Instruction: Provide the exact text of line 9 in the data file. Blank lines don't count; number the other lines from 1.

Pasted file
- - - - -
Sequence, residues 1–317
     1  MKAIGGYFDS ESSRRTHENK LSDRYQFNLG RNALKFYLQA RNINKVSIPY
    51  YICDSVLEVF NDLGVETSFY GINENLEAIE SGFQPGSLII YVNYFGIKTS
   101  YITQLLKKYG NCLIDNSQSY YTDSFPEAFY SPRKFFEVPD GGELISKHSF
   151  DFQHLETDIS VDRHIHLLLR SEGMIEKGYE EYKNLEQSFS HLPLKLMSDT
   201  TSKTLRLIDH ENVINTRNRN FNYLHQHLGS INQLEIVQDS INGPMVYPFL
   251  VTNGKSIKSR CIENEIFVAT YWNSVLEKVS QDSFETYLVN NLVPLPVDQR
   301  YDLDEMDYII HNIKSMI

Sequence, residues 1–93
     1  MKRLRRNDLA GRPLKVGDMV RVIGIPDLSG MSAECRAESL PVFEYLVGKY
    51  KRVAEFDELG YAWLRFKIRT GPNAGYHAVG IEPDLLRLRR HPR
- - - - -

Sequence, residues 1–93